RALEIGH, N.C. (WTVD) -- On Tuesday, Tennis superstar Serena Williams announced that the 2022 U.S. Open would be the final tournament of her illustrious care
While the numbers are impressive, 23 grand slam singles titles, 4 Olympic gold medals, World #1 for 319 weeks, it's her impact and what she meant to the game off the court that have people in the Triangle talking.
"Credit Serena to making tennis cool," said North Carolina Central tennis player Hannah Gaines. "The exposure that she brought to tennis and making tennis mainstream like your other sports, football, basketball. She's a superstar."
Arriving on the professional scene back in 1995 from Compton, California, she instantly became someone to emulate in minority communities.
"I watched her grow. From the 14-15 years old with the beads, to becoming a young mother," explained Latonya Hargrove, secretary of the Ebony Racquet Club of Raleigh. "She did it with class, and she did it in a way to make black and brown people like me proud of the skin that we're in.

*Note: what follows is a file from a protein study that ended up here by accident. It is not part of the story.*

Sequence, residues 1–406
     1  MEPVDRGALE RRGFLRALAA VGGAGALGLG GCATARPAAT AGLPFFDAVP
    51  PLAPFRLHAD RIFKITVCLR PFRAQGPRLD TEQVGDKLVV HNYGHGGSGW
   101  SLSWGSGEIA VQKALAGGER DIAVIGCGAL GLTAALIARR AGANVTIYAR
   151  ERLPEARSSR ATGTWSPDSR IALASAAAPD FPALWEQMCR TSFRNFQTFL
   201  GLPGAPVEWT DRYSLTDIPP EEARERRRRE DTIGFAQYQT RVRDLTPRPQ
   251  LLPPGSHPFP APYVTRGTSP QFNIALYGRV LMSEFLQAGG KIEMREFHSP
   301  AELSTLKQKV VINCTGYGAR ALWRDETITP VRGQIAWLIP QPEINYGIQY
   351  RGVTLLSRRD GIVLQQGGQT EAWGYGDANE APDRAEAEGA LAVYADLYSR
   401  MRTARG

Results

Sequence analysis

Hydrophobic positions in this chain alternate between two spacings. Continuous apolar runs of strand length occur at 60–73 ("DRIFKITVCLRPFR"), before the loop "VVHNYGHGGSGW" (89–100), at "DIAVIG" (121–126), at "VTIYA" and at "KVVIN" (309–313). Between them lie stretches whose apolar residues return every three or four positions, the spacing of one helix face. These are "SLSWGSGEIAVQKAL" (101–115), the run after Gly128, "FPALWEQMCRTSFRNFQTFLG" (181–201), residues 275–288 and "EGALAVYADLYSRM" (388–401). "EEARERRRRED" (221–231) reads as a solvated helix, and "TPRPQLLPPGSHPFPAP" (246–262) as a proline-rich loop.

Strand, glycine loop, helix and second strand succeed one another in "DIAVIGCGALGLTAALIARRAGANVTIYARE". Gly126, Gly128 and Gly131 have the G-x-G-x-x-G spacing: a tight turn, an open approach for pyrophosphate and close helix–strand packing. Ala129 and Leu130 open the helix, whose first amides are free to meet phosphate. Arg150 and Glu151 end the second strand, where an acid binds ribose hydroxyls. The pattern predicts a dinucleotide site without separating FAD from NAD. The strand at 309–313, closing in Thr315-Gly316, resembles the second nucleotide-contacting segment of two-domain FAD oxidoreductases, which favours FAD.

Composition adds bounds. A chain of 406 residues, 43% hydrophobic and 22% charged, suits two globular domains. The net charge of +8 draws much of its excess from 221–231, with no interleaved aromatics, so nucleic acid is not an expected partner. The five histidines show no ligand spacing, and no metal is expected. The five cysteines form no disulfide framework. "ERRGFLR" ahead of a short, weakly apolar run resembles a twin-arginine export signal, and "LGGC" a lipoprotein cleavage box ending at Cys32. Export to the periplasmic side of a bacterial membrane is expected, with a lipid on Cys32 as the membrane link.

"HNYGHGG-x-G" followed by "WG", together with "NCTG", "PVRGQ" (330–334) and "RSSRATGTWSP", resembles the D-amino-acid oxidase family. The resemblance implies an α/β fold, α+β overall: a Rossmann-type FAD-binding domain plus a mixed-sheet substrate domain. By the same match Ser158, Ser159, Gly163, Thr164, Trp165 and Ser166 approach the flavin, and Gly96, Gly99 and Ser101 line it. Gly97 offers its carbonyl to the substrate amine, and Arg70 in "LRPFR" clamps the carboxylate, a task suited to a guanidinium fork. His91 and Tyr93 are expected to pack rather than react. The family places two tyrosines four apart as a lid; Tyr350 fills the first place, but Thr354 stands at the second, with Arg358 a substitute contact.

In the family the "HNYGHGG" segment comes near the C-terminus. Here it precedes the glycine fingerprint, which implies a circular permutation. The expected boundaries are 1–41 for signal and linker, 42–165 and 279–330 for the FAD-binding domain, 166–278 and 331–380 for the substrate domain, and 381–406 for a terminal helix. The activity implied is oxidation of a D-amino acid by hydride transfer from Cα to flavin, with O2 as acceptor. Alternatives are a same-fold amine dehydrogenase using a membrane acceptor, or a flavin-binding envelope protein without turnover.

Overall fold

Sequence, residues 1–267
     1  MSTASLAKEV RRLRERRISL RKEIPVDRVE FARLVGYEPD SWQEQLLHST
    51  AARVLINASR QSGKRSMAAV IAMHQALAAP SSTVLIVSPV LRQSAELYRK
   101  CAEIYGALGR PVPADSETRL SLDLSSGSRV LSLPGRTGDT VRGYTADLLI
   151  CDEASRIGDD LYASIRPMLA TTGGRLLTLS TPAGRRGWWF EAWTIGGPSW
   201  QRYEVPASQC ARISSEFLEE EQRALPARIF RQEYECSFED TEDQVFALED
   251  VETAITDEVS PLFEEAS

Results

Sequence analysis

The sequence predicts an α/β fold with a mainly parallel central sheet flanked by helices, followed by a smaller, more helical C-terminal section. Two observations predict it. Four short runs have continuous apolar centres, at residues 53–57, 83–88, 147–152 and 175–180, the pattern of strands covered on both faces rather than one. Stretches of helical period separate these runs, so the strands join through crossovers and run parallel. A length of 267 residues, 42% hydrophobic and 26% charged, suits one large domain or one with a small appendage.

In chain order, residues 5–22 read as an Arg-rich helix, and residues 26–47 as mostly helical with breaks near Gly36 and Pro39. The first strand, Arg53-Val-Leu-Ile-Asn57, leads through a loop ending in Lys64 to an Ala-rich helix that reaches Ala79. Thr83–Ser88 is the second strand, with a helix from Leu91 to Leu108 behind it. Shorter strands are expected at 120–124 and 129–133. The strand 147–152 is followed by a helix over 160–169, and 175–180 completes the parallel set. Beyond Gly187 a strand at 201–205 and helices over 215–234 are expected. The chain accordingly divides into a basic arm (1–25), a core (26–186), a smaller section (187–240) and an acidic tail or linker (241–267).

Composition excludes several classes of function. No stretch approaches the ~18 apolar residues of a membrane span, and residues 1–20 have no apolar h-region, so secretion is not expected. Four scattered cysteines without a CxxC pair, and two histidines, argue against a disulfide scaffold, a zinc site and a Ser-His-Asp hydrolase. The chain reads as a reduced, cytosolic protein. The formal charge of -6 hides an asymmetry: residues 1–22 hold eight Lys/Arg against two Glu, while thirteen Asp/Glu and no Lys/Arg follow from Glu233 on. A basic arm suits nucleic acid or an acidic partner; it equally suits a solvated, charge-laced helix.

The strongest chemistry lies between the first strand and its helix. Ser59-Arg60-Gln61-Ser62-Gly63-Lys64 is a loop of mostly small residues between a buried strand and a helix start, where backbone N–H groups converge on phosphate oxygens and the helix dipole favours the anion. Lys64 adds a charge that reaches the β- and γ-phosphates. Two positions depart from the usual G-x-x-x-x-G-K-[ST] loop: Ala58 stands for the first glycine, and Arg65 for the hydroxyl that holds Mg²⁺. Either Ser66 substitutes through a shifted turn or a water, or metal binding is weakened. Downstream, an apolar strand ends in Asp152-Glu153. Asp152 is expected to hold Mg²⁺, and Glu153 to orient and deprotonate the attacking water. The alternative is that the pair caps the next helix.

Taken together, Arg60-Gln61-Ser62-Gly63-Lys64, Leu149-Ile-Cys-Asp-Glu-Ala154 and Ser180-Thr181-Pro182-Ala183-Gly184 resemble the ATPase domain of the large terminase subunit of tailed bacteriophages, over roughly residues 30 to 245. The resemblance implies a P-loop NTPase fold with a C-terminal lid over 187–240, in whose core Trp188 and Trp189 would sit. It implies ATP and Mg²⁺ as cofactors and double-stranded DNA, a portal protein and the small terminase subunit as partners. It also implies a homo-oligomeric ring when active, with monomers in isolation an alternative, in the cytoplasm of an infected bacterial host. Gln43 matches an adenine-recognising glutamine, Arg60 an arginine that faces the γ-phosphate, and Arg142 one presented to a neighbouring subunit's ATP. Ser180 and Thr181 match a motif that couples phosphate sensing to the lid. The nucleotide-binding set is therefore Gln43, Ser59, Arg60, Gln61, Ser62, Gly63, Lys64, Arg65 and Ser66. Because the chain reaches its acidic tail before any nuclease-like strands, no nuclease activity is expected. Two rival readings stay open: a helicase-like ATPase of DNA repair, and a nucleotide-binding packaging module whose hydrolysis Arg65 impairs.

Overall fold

Gaines, a senior at NC Central, says a moment that changed the trajectory of her life was seeing Serena in person at an event in Miami, Florida. "It was just like how some people feel about seeing their favorite artist in concert, I was star struck."
Hargrove has two children finishing up high school, who like Gaines, may play tennis in college. Williams' profession and professionalism-inspiring a few generations. "Would they have that scholarship opportunity had not I witnessed Serena, her life, and her legacy? I don't think so."